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Anesthesiology. 2012 Jun;116(6):1217-26. doi: 10.1097/ALN.0b013e318255e6ab.

Predictors and clinical outcomes from failed Laryngeal Mask Airway Unique™: a study of 15,795 patients.

Author information

1
Department of Anesthesiology, University of Michigan, Ann Arbor, MI, USA. rsatyak@med.umich.edu

Abstract

BACKGROUND:

Although the estimated risk of life-threatening adverse respiratory events during supraglottic airway device use is rare, the reported rate of events leading to failure of the airway device is 0.2-8%. Little is known about the risk-adjusted prediction of Laryngeal Mask Airway failure requiring rescue tracheal intubation and its impact on patient outcomes.

METHODS:

All adult patients in whom a laryngeal mask airway (LMA Unique™, uLMA™; LMA North America, Inc., San Diego, CA) was used in ambulatory and nonambulatory anesthesia settings were included. The primary outcome was uLMA™ failure, defined as an airway event requiring uLMA™ removal and tracheal intubation. The secondary outcomes were the incidence of difficult mask ventilation and unplanned hospital admissions.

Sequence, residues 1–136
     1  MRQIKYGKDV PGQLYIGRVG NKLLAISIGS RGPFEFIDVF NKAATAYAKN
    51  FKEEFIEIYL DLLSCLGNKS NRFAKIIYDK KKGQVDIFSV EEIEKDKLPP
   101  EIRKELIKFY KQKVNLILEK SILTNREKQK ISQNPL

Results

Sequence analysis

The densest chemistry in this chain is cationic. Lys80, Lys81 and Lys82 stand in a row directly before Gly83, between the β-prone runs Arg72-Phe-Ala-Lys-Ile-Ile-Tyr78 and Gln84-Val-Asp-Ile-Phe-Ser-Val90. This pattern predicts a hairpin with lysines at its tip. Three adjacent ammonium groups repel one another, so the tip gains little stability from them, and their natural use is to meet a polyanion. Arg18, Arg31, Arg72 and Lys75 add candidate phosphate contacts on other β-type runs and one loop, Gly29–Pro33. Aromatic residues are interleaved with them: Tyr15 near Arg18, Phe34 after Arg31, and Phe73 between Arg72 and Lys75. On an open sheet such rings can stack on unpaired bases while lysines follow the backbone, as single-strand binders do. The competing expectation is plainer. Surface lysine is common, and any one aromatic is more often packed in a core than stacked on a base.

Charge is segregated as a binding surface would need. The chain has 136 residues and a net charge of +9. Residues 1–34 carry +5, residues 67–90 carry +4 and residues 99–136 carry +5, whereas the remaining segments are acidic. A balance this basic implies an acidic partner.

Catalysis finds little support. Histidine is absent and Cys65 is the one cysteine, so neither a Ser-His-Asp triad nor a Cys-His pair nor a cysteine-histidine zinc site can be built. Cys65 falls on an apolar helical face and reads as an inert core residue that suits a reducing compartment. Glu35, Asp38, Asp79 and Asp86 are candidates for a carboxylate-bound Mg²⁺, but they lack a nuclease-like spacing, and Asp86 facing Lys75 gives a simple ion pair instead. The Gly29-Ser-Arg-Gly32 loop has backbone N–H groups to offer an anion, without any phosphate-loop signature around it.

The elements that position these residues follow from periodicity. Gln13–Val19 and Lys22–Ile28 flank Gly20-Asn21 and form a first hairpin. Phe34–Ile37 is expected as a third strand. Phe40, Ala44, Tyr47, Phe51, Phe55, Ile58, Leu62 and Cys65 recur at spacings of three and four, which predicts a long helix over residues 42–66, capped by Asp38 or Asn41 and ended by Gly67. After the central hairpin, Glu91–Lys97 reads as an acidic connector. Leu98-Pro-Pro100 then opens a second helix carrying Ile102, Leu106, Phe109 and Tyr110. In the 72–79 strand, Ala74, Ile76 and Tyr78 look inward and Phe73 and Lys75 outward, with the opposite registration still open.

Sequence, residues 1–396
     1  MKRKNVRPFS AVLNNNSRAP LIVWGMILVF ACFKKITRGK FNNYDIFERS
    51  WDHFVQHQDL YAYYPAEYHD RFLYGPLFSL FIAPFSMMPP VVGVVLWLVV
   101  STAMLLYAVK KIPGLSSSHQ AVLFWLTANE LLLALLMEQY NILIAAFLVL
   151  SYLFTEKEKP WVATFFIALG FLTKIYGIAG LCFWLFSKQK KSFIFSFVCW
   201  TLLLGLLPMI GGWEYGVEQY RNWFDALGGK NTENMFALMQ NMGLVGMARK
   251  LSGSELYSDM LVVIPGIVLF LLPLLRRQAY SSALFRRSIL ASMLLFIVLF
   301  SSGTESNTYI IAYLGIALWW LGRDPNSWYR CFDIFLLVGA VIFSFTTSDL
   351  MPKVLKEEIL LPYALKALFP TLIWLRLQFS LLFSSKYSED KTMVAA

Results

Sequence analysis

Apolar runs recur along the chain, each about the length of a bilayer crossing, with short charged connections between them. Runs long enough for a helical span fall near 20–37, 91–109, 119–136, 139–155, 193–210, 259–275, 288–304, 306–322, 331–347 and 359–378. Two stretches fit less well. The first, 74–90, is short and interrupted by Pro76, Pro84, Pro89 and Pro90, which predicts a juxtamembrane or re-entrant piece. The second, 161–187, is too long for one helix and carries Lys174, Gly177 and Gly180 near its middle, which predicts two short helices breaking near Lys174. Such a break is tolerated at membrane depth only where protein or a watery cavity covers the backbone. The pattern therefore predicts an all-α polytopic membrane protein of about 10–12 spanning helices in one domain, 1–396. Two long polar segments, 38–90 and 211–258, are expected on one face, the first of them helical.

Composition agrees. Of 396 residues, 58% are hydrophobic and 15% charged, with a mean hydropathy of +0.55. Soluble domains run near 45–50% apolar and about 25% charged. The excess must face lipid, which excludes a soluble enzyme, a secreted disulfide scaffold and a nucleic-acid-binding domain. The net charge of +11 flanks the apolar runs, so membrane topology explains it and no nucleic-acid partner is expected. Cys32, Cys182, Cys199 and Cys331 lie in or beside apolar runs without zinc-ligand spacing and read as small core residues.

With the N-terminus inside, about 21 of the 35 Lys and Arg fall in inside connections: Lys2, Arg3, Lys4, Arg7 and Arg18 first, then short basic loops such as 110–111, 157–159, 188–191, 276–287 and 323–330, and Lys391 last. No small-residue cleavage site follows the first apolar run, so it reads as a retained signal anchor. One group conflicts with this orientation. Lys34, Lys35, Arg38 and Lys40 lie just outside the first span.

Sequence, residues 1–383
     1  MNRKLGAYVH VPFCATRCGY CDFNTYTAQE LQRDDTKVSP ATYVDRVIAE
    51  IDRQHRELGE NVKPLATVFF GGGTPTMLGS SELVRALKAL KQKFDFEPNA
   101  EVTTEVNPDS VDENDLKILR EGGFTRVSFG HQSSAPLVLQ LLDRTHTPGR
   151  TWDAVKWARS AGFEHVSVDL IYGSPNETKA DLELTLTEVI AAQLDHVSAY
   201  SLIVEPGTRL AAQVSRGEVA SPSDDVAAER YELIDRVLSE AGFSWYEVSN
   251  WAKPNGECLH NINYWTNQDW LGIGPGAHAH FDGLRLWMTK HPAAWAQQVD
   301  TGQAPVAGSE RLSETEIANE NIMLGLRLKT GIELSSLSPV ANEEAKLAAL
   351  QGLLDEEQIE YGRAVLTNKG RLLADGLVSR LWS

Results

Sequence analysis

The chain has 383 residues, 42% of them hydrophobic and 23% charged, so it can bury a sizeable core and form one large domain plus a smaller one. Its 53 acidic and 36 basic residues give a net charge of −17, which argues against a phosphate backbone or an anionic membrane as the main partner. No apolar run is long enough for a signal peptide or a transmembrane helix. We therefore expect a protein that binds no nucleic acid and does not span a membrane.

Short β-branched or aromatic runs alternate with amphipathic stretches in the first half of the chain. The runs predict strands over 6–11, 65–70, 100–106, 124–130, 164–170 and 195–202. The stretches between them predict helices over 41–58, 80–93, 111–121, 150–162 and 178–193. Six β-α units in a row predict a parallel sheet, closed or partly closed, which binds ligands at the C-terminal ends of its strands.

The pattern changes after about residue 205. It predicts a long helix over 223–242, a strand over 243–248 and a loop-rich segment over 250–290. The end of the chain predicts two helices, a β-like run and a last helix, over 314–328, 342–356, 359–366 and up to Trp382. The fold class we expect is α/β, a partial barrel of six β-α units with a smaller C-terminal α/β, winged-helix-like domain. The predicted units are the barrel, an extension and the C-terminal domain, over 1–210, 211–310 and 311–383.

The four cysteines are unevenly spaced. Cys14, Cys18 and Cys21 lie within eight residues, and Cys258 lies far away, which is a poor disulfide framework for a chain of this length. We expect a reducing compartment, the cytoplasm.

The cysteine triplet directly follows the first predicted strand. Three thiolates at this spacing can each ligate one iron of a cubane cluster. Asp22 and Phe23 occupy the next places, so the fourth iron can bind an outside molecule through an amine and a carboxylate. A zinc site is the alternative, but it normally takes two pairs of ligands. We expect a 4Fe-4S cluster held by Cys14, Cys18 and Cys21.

RESULTS:

Of the 15,795 cases included in our study, 170 (1.1%) experienced the primary outcome of uLMA™ failure. More than 60% of patients with uLMA™ failure experienced significant hypoxia, hypercapnia, or airway obstruction, whereas 42% presented with inadequate ventilation related to leak. Four independent risk factors for failed uLMA™ were identified: surgical table rotation, male sex, poor dentition, and increased body mass index. A 3-fold increased incidence of difficult mask ventilation was observed in patients with uLMA™ failure. Among outpatients with uLMA™ failure, 13.7% had unplanned hospital admission, 5.6% of whom needed intensive care for persistent hypoxemia.

CONCLUSIONS:

The study supports the use of the uLMA™ as an effective supraglottic airway device with a relatively low failure rate. However, there are clinically relevant consequences of uLMA™ failure, as evidenced by the high rate of acute respiratory events and need for unplanned hospital admissions.

PMID:
22510864
DOI:
10.1097/ALN.0b013e318255e6ab
[Indexed for MEDLINE]

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